The anime/manga boom of the 00s sparked a similar phenom; kids were justifiably fascinated by this edgy, groundbreaking artform and were inspired to imitate it. I can’t blame them, it had the same effect on me back in 80s. The problem comes in when you don’t continue down past the surface to the foundation. Artists like Christopher Hart try to help when they publish “how to” books on the subject, but without cultural knowledge to back them up, they can only go so far. There is no world in which you can learn everything you need from a Christopher Hart book (as I hope he himself would admit), but there’s no overt signal to a reader that this is the case; no red flag saying “don’t stop here.”
I was one of ten artists who contributed to Manga Mania Villains. Most of them did good stuff. At least at a level where I could tell (as someone with experience) that they were building up from foundations. But one artist in particular delivered some of the worst, most uninformed, most superficial “manga imitation” art I’d ever seen. Someone who displayed – even flaunted – no working knowledge of the subject matter. That artist was…Christopher Hart.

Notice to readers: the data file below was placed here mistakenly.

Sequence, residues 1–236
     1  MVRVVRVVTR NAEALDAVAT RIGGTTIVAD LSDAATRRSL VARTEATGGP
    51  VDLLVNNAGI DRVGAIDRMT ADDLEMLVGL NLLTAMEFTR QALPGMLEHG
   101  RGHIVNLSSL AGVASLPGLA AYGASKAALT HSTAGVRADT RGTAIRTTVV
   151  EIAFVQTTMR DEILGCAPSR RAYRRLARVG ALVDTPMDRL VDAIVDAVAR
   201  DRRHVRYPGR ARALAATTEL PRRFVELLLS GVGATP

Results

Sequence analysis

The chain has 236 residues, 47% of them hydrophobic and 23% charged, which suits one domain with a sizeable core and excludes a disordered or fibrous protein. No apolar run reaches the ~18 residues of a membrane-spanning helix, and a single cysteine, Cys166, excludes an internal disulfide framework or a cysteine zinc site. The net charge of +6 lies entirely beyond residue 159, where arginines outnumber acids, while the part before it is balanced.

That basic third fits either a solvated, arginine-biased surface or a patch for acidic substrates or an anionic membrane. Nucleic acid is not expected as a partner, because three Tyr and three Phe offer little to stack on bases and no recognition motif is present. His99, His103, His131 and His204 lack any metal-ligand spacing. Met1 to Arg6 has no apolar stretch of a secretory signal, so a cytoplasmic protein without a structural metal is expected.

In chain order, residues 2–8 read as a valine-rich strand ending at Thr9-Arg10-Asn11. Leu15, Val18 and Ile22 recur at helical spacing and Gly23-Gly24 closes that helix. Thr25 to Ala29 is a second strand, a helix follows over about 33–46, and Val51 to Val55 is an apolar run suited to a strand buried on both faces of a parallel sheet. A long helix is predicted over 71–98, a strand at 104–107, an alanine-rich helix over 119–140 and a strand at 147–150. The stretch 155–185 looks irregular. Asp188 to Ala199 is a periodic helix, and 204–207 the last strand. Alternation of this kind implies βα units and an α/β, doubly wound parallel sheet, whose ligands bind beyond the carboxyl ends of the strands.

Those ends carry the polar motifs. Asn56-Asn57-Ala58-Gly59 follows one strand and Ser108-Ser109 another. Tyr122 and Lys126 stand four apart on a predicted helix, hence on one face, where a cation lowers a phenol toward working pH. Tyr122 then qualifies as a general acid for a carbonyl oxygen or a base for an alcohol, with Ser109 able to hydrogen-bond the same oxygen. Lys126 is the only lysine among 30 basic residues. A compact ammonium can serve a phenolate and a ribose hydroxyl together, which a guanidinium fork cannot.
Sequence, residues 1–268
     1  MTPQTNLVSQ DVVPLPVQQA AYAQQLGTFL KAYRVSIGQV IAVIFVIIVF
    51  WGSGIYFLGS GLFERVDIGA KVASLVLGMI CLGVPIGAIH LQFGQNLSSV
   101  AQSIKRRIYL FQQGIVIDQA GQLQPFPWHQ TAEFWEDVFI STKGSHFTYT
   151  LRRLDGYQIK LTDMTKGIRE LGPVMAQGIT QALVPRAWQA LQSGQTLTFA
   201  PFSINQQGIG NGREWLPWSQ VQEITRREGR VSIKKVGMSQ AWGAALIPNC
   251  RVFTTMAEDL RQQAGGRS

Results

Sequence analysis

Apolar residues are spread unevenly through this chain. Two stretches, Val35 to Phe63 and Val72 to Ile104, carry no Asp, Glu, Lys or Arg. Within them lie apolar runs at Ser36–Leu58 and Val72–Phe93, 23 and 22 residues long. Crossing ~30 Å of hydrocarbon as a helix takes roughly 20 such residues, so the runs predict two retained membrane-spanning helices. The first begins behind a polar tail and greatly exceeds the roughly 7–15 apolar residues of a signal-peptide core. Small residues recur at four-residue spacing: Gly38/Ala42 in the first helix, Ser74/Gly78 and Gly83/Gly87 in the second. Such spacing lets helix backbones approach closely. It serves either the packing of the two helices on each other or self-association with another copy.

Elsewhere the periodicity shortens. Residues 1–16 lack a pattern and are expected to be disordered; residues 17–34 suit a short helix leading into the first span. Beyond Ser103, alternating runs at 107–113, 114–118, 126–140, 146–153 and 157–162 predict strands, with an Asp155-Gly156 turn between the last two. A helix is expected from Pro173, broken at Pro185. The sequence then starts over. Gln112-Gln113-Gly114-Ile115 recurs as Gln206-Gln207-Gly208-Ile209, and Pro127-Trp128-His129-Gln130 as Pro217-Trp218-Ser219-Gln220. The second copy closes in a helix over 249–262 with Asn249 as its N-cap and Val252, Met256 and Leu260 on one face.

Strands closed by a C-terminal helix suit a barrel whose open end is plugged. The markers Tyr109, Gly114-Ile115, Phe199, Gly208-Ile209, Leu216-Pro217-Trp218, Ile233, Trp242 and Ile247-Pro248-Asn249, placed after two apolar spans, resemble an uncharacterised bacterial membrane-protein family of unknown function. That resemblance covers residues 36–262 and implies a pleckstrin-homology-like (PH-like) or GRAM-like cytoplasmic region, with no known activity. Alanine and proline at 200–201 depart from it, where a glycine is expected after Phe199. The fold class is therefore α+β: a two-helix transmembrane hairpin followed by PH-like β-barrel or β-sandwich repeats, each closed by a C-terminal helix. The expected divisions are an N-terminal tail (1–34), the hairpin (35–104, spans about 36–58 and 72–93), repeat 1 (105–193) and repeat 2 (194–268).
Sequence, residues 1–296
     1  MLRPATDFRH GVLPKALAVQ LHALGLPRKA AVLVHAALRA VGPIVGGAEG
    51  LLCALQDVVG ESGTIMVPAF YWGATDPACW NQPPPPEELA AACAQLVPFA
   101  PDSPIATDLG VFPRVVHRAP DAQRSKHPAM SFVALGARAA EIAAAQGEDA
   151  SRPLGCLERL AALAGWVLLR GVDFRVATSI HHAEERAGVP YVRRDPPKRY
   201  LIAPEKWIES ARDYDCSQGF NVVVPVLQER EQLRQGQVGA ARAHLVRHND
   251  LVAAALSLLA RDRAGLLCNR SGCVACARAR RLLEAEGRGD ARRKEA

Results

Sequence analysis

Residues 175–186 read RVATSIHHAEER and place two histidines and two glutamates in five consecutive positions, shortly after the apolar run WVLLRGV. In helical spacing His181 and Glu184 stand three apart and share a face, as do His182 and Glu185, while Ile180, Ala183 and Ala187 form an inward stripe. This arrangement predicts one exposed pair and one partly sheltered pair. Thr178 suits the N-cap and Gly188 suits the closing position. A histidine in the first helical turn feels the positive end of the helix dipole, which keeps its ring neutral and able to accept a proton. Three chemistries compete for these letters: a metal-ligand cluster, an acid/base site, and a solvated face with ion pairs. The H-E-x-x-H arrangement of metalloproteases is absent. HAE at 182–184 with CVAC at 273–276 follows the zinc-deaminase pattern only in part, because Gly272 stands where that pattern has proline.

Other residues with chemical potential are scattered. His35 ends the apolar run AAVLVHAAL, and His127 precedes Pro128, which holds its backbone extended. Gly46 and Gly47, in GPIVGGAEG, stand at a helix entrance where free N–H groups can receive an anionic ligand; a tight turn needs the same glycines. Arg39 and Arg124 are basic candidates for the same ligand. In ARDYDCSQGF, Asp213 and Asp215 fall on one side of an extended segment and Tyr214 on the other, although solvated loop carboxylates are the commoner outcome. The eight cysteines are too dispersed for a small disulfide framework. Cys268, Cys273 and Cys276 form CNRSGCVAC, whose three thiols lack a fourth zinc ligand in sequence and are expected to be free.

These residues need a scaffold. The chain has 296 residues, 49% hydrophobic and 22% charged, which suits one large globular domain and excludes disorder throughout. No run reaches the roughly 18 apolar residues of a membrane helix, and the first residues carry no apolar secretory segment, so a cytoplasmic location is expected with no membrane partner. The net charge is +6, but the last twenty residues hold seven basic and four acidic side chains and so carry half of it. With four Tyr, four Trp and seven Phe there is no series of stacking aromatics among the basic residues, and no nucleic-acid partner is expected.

I’m not going to dissect his drawings. That’s not what ArtValt is for. I bring it up here as a way to underscore my point about those who set themselves up as teachers. Be careful who you take your advice from. If they don’t apply it to their own work, they can’t give you much help with yours.
All of my work for the book was found in the last section, which was devoted to scene-making rather than character design. This created a good opportunity for foundational study, since composition is the subject instead of surface detail.
I actually really enjoyed this assignment for that reason; it was a chance to peel off the surface stuff and look underneath. I’d been drawing comics for over ten years, and it gave me a rare peek under my own hood. Always a healthy exercise for an artist.
Comic book page layout is a VASTLY under-served topic. There are as many ways to lay out a page as there are pages. My favorite part of the famed How to Draw Comics the Marvel Way opened up this topic in my head and I’ve never lost my interest in it. Here I was able to construct my own version.